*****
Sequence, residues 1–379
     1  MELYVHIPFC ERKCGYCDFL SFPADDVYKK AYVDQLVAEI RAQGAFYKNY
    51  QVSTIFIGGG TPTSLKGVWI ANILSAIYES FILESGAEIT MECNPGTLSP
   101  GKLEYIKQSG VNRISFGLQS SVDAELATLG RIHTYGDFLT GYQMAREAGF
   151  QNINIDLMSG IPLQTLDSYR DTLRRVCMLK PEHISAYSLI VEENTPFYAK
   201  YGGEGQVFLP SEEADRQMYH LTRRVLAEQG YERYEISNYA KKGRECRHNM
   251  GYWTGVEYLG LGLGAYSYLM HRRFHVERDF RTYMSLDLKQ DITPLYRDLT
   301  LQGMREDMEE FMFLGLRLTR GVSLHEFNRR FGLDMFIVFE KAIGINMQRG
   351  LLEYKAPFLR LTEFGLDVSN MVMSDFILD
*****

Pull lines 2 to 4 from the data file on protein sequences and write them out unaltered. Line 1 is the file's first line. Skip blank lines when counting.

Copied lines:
     1  MELYVHIPFC ERKCGYCDFL SFPADDVYKK AYVDQLVAEI RAQGAFYKNY
    51  QVSTIFIGGG TPTSLKGVWI ANILSAIYES FILESGAEIT MECNPGTLSP
   101  GKLEYIKQSG VNRISFGLQS SVDAELATLG RIHTYGDFLT GYQMAREAGF